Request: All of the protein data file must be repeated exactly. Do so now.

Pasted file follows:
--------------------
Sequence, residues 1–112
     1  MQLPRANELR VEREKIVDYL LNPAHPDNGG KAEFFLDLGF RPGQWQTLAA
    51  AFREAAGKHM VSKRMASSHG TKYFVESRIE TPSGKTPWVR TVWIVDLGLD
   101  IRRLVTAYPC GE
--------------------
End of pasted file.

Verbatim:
Sequence, residues 1–112
     1  MQLPRANELR VEREKIVDYL LNPAHPDNGG KAEFFLDLGF RPGQWQTLAA
    51  AFREAAGKHM VSKRMASSHG TKYFVESRIE TPSGKTPWVR TVWIVDLGLD
   101  IRRLVTAYPC GE